However, my customer’s CTO noticed the ruckus I caused and immediately stood up. He said, “Thanks, Ken, for putting together this wonderful 3-day gathering; you’re a breath of fresh air in an industry that is polluted with unscrupulous salespeople.”

“You educated us to the fact that your next generation product, coming out in a few quarters, will have a new micro-architecture that will enable you to leap-frog the performance of your competitors. We believe you, and trust you, and are looking forward to testing your new platform ASAP. We want to work with you Ken.”

He basically told my executive management that my candor and “caring” should be applauded; and if anything were to happen to me, my company would lose their future business.

And…our next generation product did perform as promised, and has been the industry leader ever since.

Charlie: What I called the Acid Test of trust is whether you’re willing to recommend a competitor to a client. In effect, that’s what you did here.

Ken: It’s not that hard if you have a long-term perspective. If you want to build a long-term strategic relationship, and have faith that the next iteration of your product will fix your issues, you’d do what I did. If not, you might sell them your current product, but your reputation will be ruined forever.
Be honest and live to sell another day!

Charlie: Switching gears: I think when a lot of people find themselves in the C-suite, they get tongue-tied. Their pulse rate goes up, they get flustered, and they end up making any number of rookie mistakes. Advice?

Ken: Senior executives have no time for those who are in “awe” of whom they’re meeting.
Confidence – especially, confidence in yourself – is critical. You don’t have to be an expert in everything – but you’d better be expert in something, very clear about the boundary lines – and just as forthright about what you don’t know. Be prepared, and do your homework: then tell the truth. Honesty trumps ignorance.

You have to have great respect for them – but also remember they’re your equal! Deal with your insecurities and don’t psyche yourself out.

Talk about what’s important to the executive. Being STRATEGIC and not tactical is critical. Don’t discuss problems, just solutions. The higher up you go, the more you’ll find people who are surgically focused on growing revenue, innovation, and garnering a competitive advantage.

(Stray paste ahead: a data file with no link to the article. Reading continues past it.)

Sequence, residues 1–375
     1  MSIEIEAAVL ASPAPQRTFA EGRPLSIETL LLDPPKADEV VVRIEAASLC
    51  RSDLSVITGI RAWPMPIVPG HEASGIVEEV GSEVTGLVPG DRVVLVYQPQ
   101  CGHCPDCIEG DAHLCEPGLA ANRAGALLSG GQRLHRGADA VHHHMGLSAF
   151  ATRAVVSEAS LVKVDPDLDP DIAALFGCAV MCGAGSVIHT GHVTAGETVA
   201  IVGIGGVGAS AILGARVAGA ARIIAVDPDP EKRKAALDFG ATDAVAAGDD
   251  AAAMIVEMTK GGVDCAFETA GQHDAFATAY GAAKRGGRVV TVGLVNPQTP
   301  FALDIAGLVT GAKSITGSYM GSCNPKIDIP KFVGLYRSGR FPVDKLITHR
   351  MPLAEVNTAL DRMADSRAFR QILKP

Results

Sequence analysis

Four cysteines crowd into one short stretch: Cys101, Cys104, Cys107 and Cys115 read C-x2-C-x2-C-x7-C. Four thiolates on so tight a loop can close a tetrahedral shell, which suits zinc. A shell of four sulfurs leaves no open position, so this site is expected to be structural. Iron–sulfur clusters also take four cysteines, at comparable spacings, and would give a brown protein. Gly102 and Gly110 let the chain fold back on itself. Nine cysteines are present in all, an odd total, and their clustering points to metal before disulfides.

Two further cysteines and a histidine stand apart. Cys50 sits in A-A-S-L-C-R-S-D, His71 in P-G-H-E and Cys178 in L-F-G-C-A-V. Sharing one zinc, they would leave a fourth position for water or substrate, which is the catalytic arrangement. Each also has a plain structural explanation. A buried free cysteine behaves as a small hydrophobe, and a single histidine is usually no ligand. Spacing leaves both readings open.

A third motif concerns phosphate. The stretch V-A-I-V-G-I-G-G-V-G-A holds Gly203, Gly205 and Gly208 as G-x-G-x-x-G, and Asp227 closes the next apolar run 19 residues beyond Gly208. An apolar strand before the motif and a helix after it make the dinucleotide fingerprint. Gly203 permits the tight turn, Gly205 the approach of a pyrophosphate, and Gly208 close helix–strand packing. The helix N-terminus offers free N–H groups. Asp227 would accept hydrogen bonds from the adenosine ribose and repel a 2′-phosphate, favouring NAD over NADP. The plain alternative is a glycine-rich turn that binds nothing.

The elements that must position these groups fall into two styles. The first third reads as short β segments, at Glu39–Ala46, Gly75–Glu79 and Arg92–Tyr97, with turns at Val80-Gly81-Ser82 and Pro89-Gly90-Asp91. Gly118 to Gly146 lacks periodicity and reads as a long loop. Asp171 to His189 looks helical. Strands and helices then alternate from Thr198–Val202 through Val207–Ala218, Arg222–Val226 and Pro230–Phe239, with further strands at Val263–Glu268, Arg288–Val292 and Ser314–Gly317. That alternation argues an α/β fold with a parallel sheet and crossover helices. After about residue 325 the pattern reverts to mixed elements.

Charlie: Any additional tips?

Ken: Creating long-term relationships with senior executives is like shooting a good game of pool – you’re always shooting for the next shot!

As we discussed earlier, listen more than you talk, but be prepared based on your research to share some 30-second “nuggets” that will be of interest to them that also demonstrates your reputation as a known expert in your specialty.

Ultimately, if you want a trusted advisor relationship with executives, you have to make sure they see you as a “Player” that a) constantly educates them to things that they and their staff don’t know, and b) does so respectfully but in an insightful, direct manner that clearly shows you have the customer’s interest at heart.

Charlie: In your experience, what’s the single biggest obstacle to a salesperson building trust with their customers?

Ken: That’s an easy one! Sorry for my politically incorrect answer, but it’s imperative that salespeople learn to STFU and LISTEN!

So many salespeople are myopic – enamored with themselves and their voice when the conversation is not about them; it should be about their customers and helping them solve their business / OPEX problems and issues.

That’s why I feel the “Trust Equation” is the single most important sales theory ever created. With Self-Orientation in the denominator, the more you talk about yourself, the less trust you build! So in the words of the Kevin Spacey character from “Swimming with Sharks”, Shut-up, Listen and Learn!

Charlie: Thanks Ken for sharing with us your thoughts and ideas.

Ken: Thank you, as always, it’s been a pleasure!